Estonia's European Union non-recycled plastics tax bill come to €23.6 million this year, ERR reports, though some experts say that Estonia pays considerably more than it should do in proportion to its size and wealth. The tax proved unpopular with the former Center/EKRE/Isamaa coalition when it was introduced last year.
At the same time, differences in how plastic use, consumption and disposal are measured in different member states means the system is not yet harmonized in any case.
The tax, which came in last year, met with controversy, with one eurosceptic Estonian MEP saying it was unconstitutional – a complaint which the justice chancellor rejected.
Plastic tax in the EU if it were collected based on the relative wealth of a member state would see Estonia's share at €12.6 million, while other larger and/or wealthier member states will have considerably higher plastic tax, even on a per-capita basis.
The total combined plastics tax due this year from all 27 member states is around €6 billion.
At the same time, recycling in Estonia is still not as much of a n ingrained habit as it is elsewhere in the union, ERR reports, though this can also vary depending on how waste volumes are calculated in a particular member state.
Environment ministry spokesperson: Some member states don't differentiate between types of waste as much as we do
Head of the environmental management department of the Ministry of the Environment Sigrid Soomlais told ERR that: "Frequently, the quantity of packaging placed on the market is about the same as the volume of package waste level. Many countries do not use a separate survey, as we have with our sorting survey," adding that harmonization of indicators would be ongoing across the union.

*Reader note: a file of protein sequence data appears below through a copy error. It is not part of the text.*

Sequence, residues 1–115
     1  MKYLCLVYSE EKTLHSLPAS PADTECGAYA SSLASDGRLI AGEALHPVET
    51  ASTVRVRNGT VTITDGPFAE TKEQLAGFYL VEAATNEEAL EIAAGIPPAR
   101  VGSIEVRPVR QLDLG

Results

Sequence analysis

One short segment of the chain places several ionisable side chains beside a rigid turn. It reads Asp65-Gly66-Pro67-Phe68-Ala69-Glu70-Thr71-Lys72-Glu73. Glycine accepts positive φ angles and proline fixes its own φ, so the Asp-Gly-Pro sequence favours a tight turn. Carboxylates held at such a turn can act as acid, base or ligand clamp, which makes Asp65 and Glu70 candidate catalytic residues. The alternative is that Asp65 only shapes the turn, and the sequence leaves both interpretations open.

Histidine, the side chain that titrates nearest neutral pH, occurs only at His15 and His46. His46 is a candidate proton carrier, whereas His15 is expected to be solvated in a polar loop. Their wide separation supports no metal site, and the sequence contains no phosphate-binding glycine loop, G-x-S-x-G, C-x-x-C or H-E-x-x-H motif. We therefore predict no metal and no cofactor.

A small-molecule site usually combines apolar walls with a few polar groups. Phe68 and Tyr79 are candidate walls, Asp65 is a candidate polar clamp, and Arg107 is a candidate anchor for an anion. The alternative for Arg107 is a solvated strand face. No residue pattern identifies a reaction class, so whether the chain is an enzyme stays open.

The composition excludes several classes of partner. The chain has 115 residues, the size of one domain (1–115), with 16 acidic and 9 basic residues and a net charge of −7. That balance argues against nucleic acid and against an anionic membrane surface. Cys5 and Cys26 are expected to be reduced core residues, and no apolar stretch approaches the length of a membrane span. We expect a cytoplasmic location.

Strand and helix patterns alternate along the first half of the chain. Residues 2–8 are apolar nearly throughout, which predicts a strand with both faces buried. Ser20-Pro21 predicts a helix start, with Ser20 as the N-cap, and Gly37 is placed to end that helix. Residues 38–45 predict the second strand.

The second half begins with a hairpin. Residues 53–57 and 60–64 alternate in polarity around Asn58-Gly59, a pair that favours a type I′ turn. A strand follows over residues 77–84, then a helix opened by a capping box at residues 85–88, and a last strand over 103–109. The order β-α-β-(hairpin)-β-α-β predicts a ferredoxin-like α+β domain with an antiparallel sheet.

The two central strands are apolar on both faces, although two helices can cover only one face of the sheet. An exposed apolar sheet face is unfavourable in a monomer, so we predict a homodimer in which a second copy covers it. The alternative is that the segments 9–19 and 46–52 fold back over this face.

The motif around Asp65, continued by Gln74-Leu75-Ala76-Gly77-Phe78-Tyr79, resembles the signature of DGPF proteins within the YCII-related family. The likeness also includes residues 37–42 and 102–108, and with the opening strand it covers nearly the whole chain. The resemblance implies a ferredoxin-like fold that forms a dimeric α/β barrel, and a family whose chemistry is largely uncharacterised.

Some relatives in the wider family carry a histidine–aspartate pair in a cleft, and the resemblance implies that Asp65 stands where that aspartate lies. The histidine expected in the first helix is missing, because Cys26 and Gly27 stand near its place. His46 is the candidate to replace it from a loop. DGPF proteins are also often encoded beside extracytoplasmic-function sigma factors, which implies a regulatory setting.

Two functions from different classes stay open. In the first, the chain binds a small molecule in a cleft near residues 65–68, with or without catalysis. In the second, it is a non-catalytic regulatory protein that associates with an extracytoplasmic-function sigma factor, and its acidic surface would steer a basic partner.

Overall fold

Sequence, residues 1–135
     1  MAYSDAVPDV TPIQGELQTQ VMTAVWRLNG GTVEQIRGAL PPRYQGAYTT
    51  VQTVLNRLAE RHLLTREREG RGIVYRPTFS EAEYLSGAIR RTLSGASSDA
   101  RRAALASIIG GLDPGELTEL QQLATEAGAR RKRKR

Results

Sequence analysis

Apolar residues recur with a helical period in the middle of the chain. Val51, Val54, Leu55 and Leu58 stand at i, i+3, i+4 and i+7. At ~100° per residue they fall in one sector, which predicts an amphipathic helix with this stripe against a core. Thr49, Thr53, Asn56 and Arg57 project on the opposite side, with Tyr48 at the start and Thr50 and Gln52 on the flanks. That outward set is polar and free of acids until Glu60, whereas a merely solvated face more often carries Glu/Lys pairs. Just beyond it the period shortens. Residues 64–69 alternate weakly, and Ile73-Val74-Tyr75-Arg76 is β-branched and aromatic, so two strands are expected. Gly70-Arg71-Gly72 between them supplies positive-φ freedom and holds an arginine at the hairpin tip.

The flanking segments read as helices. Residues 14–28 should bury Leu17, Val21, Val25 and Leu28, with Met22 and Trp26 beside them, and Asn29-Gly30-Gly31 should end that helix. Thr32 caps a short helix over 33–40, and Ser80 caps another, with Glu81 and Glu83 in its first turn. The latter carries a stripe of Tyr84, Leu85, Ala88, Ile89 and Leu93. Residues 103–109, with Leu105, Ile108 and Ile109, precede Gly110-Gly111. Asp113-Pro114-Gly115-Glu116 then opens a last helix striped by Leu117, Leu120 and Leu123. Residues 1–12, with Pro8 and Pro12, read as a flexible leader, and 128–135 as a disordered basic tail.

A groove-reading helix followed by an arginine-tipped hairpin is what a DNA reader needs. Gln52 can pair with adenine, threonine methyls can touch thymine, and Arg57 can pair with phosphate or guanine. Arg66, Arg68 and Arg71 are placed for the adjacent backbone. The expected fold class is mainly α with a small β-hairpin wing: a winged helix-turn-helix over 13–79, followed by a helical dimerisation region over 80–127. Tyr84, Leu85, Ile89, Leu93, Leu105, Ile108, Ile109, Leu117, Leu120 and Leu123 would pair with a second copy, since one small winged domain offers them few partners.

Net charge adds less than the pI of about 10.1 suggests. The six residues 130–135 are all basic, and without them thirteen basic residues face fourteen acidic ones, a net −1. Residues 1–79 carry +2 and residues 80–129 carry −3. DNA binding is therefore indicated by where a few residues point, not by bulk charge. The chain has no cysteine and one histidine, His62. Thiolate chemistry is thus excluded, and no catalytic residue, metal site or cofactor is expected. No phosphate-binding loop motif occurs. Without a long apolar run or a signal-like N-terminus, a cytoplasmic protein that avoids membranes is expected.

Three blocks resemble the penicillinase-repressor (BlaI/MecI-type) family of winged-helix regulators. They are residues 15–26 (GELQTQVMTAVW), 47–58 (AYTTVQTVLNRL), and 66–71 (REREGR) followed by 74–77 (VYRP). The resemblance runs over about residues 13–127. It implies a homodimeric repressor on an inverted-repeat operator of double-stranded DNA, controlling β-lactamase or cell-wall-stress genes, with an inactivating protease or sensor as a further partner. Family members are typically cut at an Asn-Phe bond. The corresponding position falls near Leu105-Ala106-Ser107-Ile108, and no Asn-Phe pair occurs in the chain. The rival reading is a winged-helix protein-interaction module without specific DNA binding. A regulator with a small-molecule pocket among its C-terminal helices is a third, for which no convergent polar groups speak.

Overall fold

Both the European Commission and several member states are looking to diversify revenue sources – with a digital tax on the table later this year. Even the plastic tax only came into being last summer.
Erik Marksoo, EU adviser at the Ministry of Finance, said every kilogram of non-recycled plastic packaging waste costs the state €0.80, but calculations put in a factor of 3.8 kg, he said, for less prosperous member states, which saves Estonia around €4 million in a year
Before the tax came into being, more plastic waste went unrecycled, than recycled – the figure for 2018 of unrecycled plastic was over 62 percent.
Sigrid Soomlais said that the current measurement system compares registered packaging placed on the market – for companies whose output exceeds 100 kg plastic to market per year – with waste management reports, as well as waste from landfill sites being sorted and weight separately
Harmonizing statistics should be in place EU-wide in 2023, Erik Marksoo said, while adjustments will be made later on and compensation paid – or taken – if Estonia and all other member states paid too much or too little in plastic tax.
Editor: Andrew Whyte